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Kissing the Blarney Stone: Newspaper ads during campaign season
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I have been in the newspaper business for close to 50 years. It’s not that I’m that old (in case you’re thinking I am using a fake picture; if you think I look even older than that, tell me and I will stop dying my hair grey). I actually started when I was 14.

The one thing in this business I have found to be always true is that half the readers are always going to disagree with you, and if the paper is being fair, you’ll get criticism from both sides of any issue.

This is particularly true during the heat of election campaigns.

I have also found, after these many years, that most of our readers never think of us as a business, and again, that is good too.

The truth is, the reason you can read the paper for pennies is because of the advertisers who are our partners who feel that the money they invest in our paper brings them results.

Of course, we think that these folks have made some wise business decisions.

The support of these wise business decision makers allows us to employ five full time people, maintain an office, provide the equipment to run the office and pay the taxes which helps support our community.

In other words, what our advertisers put into our paper goes back into the community to help support their business.

For many years in our industry, it was a sacred rule that you didn’t run paid ads on your front page. I don’t know how that started because until the 40s and 50s most newspapers ran paid ads on their front pages. It was probably some pious graduate from journalism school working some place like the New York Times, who never ran a business, who started that tradition.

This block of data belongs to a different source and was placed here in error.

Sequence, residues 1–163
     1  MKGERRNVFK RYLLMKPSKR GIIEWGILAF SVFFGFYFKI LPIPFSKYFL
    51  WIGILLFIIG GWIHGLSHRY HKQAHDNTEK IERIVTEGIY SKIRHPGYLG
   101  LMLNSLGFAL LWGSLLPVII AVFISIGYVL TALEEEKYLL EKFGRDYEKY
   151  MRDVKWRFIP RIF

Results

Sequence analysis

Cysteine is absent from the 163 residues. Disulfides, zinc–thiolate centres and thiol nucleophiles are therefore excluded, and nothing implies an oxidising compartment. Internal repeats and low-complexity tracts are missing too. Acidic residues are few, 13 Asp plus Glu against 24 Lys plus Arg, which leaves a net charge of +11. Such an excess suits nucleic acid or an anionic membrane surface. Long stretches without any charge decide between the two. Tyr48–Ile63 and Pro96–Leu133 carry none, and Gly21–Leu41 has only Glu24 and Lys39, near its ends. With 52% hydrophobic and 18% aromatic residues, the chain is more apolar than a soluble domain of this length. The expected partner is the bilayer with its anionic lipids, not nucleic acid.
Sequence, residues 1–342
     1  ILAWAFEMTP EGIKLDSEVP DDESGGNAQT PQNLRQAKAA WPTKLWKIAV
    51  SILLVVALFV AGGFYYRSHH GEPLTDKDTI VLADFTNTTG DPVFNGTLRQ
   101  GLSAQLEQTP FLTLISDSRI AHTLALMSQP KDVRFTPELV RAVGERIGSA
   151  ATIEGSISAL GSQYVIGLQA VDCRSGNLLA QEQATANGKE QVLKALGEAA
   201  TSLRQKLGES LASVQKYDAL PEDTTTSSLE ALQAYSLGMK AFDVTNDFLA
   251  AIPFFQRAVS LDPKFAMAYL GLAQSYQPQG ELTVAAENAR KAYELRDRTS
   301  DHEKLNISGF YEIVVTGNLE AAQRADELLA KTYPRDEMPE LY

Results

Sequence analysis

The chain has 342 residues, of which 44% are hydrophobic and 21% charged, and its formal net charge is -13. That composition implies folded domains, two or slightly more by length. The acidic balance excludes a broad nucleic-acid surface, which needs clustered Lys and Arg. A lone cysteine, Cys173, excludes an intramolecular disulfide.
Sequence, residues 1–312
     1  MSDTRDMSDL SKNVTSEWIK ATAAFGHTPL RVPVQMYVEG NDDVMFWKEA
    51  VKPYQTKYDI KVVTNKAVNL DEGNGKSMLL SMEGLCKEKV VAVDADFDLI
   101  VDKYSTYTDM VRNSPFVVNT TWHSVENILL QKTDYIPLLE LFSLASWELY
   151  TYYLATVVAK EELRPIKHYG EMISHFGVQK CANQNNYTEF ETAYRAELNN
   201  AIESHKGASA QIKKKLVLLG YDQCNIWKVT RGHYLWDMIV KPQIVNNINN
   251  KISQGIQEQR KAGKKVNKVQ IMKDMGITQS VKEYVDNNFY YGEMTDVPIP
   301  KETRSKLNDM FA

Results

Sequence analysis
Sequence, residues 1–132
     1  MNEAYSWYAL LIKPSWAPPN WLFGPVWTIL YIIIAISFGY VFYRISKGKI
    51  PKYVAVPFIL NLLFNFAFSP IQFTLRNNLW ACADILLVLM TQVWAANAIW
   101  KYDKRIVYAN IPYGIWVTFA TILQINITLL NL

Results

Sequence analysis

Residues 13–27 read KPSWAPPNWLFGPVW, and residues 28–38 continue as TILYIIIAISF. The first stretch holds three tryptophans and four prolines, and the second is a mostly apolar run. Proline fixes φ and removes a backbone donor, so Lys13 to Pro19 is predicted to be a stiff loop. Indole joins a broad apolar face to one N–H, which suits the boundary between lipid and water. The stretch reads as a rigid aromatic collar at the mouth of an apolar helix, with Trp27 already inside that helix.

During the last 10 years the practice of running ads on the front page has started again, especially in community newspapers across the nation. I am sure this practice has caused some of those old pious editorial buzzards to turn over many times in their graves.

Many large papers still have kept up with self imposed purity of not running ads on their front pages. Many of those purists are no longer in business or have been reduced to becoming community newspapers only.

We have a policy that allows businesses or individuals who are willing to pay a premium to run ads on our front page. That practice started before this political season began.

When this campaign season started, we approached every local candidate who filed for office and presented our rates, including rates for our front page, which was offered at a high premium.

Only one of those candidates chose to run his ad on the front page. That was Courtney Dillard. He agreed to our terms, paid his money, and he runs on our front page. We called his competition and offered her the same spot to alternate with Dillard. She chose not to take it.

When we run ads either for businesses or during political season, we don’t question what political party they represent or what their policies are. We look at it as a business decision.

Some of our readers, because Courtney Dillard made the decision to pay the price and promote himself on our front page, have told us that they feel we are in the Dillard camp, so to speak, or that we surely are the pawns of the Democratic party. Neither is true.

Much to Mr. Dillard’s dismay, we in fact have broken the stories on his past history that we know he didn’t want seen. In fact, his campaign people feel we are now the tools of the Republican party, solely bent on ruining his candidacy. Actually, we have done the same due diligence on the Republican candidate, much to her displeasure.

In today’s paper we have again expressed our opinions on his candidacy.

I personally think that in today’s world there are no secrets that you can keep hidden permanently in your past life. I don’t understand why anyone who has any history he would not want made public would subject himself or his family to the public scrutiny that comes with running for political office.

We are not a political paper and are not controlled by anyone. We do take and will continue to take strong stands on what we believe is right for our community. You are welcome to disagree; we will always provide you space to do so as long as you are willing to sign your name to your opinion.

If you would like to know who is responsible for the editorials on this page it is the editor and publisher. Both of our names are listed clearly on the top left of this page.

If you want to talk to me about this column or would like me to come talk to your club or organization about our policies, I am always available to accommodate you.